Home insurance for empty property
Finding home insurance for empty property can be a lot more difficult than it may sound. Policy providers in the UK are reluctant to cover properties which lie empty or abandoned for long periods of time and obtaining cover for a completely derelict property can be a real mountain to climb.
This article is designed to make you more aware of the issues that concern the large insurance companies and why they may charge you a lot of money for insuring an unoccupied house. it will also explain why providers tend of offer very short periods of cover for these kind of policies, as well as how rates vary greatly depending on the type of building you are trying to insure.
In addition to the points above, this article will also discuss:
- Types of insurance for empty property
- Information you should provide your policy provider
- How to compare insurance for unoccupied property
- The kinds of risks faced by an unoccupied building
- Unoccupied commercial property insurance
Home insurance for empty property
There are many different reasons why a house or building may lie empty and many different classes of unoccupied homes. This can range from your normal place of residence which is going to be unoccupied for a period of time right through to a derelict property you have purchased or an abandoned building you intend to renovate. It may also include a second home which you wish to protect or even an unoccupied commercial property you want to insure.
As you can see, the term “empty property” is very broad, so in this article we shall assume your building falls into one of the above categories. So where do you start when searching for the right type of cover with premiums you can afford?
House insurance for unoccupied and empty properties
Initially let us assume this is your normal place of residence which, for one reason or another, is going to lie empty for a period of time. For example, you may own a house or flat and you are going abroad to work for six months or more. Maybe you also own another home in a different part of the UK or abroad and your primary home will remain unoccupied for a period of time.
The bottom line is that insurance companies do not like properties remaining unoccupied for any length of time and therefore cover for this type of policy in the UK tends to be very short. Most UK based policy providers will not insure an empty home for more than 30-60 days. From their point of view it essentially means a house or flat is far more vulnerable if left completely unoccupied. When searching for a quote or speaking to your current provider, try to provide them with as much information as possible and any steps you are taking to protect your home while you are away. If, for example, you are going abroad to work for nine months and your flat in London is going to lie empty, they may well offer you a degree of cover but the premiums may be much higher than normal.
The type of cover and the areas they are willing to protect will also vary greatly, as will the premium cost depending on your individual situation. Do you have a burglar alarm installed? Will someone be able to keep an eye on the property for you while you are away? What, if any, measures are you taking to protect your home against fire? These may be just some of the questions your insurance company will ask.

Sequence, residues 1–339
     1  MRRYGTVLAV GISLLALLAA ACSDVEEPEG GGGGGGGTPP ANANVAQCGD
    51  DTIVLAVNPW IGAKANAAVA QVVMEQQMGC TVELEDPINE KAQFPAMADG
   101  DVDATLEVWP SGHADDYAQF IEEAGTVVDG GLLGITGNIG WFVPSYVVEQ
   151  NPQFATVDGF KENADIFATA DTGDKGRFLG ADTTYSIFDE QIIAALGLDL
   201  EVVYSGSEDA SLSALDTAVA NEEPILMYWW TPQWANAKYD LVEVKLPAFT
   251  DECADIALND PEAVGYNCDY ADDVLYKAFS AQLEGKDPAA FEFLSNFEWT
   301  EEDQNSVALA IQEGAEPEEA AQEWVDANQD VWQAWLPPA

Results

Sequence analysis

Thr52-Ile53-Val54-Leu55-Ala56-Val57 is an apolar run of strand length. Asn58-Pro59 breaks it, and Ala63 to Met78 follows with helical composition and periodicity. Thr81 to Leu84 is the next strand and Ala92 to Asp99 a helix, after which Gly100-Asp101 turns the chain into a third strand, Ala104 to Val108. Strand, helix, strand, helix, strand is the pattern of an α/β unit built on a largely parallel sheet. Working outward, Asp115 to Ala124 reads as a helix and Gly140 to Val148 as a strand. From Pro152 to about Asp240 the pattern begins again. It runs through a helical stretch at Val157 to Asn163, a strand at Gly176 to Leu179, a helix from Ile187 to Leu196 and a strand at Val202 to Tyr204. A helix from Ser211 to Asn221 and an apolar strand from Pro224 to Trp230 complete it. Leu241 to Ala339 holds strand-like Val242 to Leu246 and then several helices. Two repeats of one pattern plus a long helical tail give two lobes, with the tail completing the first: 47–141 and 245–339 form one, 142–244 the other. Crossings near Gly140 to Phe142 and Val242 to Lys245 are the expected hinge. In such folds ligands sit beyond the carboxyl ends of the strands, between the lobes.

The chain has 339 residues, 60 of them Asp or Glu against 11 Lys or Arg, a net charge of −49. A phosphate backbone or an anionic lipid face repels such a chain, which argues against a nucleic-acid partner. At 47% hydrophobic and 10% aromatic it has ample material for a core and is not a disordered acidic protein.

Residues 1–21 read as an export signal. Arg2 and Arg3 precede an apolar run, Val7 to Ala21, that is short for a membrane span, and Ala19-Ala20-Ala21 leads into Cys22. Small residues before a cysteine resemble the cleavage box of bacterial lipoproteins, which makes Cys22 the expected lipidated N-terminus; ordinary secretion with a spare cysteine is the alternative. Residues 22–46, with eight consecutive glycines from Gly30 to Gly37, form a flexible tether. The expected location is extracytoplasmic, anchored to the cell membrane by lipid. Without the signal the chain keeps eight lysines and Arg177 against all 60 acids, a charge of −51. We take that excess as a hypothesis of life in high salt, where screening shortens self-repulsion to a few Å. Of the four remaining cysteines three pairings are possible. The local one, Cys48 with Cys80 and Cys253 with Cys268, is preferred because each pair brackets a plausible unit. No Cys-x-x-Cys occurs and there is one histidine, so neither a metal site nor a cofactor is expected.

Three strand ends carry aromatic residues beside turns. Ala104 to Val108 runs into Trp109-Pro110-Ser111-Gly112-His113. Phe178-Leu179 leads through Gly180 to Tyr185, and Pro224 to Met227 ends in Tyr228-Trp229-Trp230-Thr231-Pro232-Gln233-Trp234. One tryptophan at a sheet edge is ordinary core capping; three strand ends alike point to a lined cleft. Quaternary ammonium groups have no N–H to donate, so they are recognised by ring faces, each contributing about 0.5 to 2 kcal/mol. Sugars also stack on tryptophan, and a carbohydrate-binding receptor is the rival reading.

How to compare insurance for unoccupied property
Due to the nature of this type of cover and the vulnerabilities mentioned above, as well as the premiums being much higher than normal home and contents cover, it’s wise to shop around and take the time to compare insurance for unoccupied or empty property. Use the selection of comparison websites available in the UK but don’t let your search stop there. Often the best option is to discuss the situation with your current policy provider, as an existing customer you may be entitled to a substantial discount or maybe they will be more familiar with your personal circumstances.
Don’t be afraid to negotiate when comparing insurance quotes. It can also be very worthwhile talking to smaller, local companies aside from the large national name brands. These smaller companies are more likely to offer you longer periods of cover and may have fewer restrictions of what will be protected in the policy.
Risks faced by an unoccupied property
Leaving a property empty is always a gamble and depending on your location and individual circumstances the risks also vary. Here are just a few of the risks more commonly associated with unoccupied properties and why insurance companies may be reluctant to cover your building for any length of time:
- Burglary – an unoccupied house is far more vulnerable to theft
- Fire – damage from fire can be more severe in an empty property
- Natural events such as flooding – empty properties have a slower response time
- Water & gas leaks – again, it can take longer for anyone to notice & respond to any problem
Short term unoccupied house insurance
If you simply require cover for a limited amount of time you can take one or two steps. Firstly you can talk to your policy provider and find out how long your current policy covers you for if you are away from home. Secondly you can search for quotes for short term unoccupied house insurance – if the property is going to be empty for a very short period of time such as 30-60 days, you may be able to secure a very reasonable deal and good cover.
Second home insurance
This is an entirely different situation. If you own a house which is not your primary residence then you need to shop around and compare quotes for second home insurance, particularly if the second home is likely to be unoccupied for longer periods of time. Talk you the company which covers your primary residence and explain the situation to them, you are far more likely to receive a more favourable quote from your current policy provider.